Chefchaouen is a small city in the Rif mountains in the north-west of Morocco. This quirky town is probably one of the prettiest I’ve seen in Morocco because of its blue-washed streets and buildings. That’s why it got nicknamed “the Blue Pearl of Morocco”.
There are many different theories as to why Chefchaouen is so blue. Some say that the shades of blue on the walls keep the mosquitoes away, others believe that the blue helps to keep the houses cool during the warm summer months. The most popular theory is that it was painted blue by the Jews who fled to Chefchaouen to escape the Spanish Inquisition in the 15th century. Whatever the true reason for the blue color might be, up until today the locals still apply a fresh coat of paint on their houses about twice a year.
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You can roam around in this blue walled city on your own, or you can opt for tour guides if you are into learning the history and culture of this quintessential Chafchaouen Moroccan town. Visit the blue Medina, hike to Rif Mountains, and shop at the hassle-free boutique shops for hand-spun pottery and artisanal soaps which are made right in the city. Breakaway from the hustle-bustle of city life and experience authentic Morocco in this humble town of Chefchaouen
Places to visit in Chefchaouen:
Ras El Ma
This little waterfall is located just past the far northeastern terrace of Chefchaouen medina. It’s a favorite place for sailors that encounter here to cool during the summer and to do laundry. Just unwind in a cafe nearby when it’s possible to hear the mountain water flow its way to town.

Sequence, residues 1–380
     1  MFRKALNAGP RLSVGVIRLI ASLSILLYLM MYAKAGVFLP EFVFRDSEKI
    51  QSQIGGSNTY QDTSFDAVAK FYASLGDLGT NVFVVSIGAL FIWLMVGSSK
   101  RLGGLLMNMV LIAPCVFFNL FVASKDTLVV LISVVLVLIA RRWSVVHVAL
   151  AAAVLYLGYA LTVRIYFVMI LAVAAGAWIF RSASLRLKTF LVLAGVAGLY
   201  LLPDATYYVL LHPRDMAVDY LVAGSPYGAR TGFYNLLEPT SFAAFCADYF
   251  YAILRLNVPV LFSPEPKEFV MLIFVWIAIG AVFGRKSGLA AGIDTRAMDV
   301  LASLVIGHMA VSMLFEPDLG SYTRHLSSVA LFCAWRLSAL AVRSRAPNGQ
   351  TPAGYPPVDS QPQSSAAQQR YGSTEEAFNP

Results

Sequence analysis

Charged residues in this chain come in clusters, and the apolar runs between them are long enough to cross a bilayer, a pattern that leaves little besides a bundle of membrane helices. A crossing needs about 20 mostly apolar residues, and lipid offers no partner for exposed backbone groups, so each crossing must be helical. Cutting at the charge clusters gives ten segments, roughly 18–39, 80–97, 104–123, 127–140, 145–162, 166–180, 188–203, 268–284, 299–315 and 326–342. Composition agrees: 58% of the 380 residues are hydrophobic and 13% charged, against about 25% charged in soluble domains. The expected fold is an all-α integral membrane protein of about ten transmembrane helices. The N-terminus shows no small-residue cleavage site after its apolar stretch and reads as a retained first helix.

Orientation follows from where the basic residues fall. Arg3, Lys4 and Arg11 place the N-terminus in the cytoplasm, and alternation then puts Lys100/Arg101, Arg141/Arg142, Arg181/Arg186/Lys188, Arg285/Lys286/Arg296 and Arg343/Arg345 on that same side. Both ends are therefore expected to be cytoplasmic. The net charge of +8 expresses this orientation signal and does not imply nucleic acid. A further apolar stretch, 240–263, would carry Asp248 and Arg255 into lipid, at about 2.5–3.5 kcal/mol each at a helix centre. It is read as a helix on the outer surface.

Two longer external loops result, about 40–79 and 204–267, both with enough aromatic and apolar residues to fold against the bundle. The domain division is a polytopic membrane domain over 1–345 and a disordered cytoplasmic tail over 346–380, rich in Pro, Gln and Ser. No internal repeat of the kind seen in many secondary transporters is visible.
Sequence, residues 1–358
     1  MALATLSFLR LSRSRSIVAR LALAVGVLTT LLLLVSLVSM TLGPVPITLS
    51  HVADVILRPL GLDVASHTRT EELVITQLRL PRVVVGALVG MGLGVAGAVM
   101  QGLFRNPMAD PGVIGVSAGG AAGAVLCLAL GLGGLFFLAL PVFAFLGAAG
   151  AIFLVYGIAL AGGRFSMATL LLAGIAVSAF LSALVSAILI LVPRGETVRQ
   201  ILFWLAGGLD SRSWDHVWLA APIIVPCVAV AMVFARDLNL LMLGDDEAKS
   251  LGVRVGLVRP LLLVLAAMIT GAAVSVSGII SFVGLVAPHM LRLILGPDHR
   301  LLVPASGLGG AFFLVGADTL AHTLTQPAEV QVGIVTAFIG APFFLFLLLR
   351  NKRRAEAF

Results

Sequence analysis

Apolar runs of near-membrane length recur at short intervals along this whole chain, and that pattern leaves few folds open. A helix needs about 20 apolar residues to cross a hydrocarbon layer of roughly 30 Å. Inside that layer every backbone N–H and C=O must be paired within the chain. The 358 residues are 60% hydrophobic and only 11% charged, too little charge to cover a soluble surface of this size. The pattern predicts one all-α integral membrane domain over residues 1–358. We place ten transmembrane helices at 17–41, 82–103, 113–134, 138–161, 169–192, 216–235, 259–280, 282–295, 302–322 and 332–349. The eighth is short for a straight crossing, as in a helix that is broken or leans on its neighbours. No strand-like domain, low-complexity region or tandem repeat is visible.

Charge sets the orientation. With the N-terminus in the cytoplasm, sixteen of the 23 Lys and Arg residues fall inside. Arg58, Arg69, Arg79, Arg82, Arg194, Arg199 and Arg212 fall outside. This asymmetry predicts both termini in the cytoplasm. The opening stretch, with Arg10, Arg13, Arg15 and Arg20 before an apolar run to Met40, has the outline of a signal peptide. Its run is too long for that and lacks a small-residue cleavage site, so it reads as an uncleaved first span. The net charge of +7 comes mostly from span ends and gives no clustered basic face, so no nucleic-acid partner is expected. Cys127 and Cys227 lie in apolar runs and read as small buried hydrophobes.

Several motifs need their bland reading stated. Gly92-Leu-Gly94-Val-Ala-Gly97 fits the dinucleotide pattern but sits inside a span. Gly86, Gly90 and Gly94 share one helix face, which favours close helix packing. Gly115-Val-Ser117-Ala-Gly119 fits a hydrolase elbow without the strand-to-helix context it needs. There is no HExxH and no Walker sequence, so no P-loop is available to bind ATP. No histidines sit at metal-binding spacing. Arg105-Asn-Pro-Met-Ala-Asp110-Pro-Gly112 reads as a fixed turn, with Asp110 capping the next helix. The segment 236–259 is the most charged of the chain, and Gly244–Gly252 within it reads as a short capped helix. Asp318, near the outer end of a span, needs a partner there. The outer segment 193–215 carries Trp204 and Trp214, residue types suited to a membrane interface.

Spanish Mosque Chefchaouen
As the hillside which the metropolis is constructed on provides your legs a great work out. I’m not kidding, in certain cases; you need to scale the rock steps that float directly up the incline. Therefore are there numerous seeing areas in Chefchaouen, nevertheless the absolute most frequented could be that the Spanish Mosque Hike. There’s a very clear path that contributes to an aged Spanish Mosque (also called Jemaa Bouzafar) perched on a hilltop overlooking the gloomy city. It is going to take you 45 minutes to make it to the most notable and you’re going to have to see incredible views notably at sunsets. Since the mosque is left-handed, non-Muslims may go inside and get a glance.
Explore the Chefchaouen Medina
The lovely chefchaouen Medina will provide you a sweet balance between Moroccan and Andalusian influence. You’ll find uncrowded, clean streets with perfect mixes of jelqing and compact trails. Go ramble aimlessly through the narrow whitewashed streets and alleys of Medina. Look for memorabilia in the leather and also weaving workshops that Chefchauen is therefore recognized for.
A focus of the majority of sightseeing tours, the Grand Mosque sits at the core of the principal square foot, Outa el-Hammam. You can observe prayers that ring from the odd octagonal minaret. It’s stated that the Mosque was constructed in the 15 th century by the son of this city’s creator, Ali Ben Rachid, also is shut into non-Muslims.
Red-walled Kasbah is a heavily preserved and stored 15th-century wall fortress that now contains the beautiful Andalusian Gardens and a small ethnographic museum. It is located in the main square of Plaza Uta El Hammam. Have a look at the city and the octagonal minaret that rises nearby.
Plaza Uta El Hammam
Boasting an ambience amalgamated with Arab and Spanish influences, Plaza Uta el-Hammam is situated at the heart of the Medina. A great central point of the town, you can simply relax while admiring the majestic mountains which overlook the city.
Enjoy still another illustration of Chefchauen’s mind boggling all-natural scenery is an increase to those magnificent water falls at which you’ll even have to understand an all natural stone bridge crossing the river.: Bridge of God. Have a dip from the pools that are rocky.
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